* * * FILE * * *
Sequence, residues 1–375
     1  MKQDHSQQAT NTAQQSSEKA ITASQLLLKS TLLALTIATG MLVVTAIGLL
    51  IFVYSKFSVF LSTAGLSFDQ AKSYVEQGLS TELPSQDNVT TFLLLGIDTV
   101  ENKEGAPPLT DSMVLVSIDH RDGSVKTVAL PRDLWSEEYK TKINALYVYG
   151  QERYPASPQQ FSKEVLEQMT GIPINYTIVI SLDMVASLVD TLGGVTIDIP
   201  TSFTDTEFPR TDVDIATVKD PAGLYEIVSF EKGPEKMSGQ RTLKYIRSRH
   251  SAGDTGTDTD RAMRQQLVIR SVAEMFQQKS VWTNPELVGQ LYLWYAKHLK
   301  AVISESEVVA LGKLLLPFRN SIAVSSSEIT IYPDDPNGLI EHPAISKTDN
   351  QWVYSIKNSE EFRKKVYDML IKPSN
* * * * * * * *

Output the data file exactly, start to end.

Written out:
Sequence, residues 1–375
     1  MKQDHSQQAT NTAQQSSEKA ITASQLLLKS TLLALTIATG MLVVTAIGLL
    51  IFVYSKFSVF LSTAGLSFDQ AKSYVEQGLS TELPSQDNVT TFLLLGIDTV
   101  ENKEGAPPLT DSMVLVSIDH RDGSVKTVAL PRDLWSEEYK TKINALYVYG
   151  QERYPASPQQ FSKEVLEQMT GIPINYTIVI SLDMVASLVD TLGGVTIDIP
   201  TSFTDTEFPR TDVDIATVKD PAGLYEIVSF EKGPEKMSGQ RTLKYIRSRH
   251  SAGDTGTDTD RAMRQQLVIR SVAEMFQQKS VWTNPELVGQ LYLWYAKHLK
   301  AVISESEVVA LGKLLLPFRN SIAVSSSEIT IYPDDPNGLI EHPAISKTDN
   351  QWVYSIKNSE EFRKKVYDML IKPSN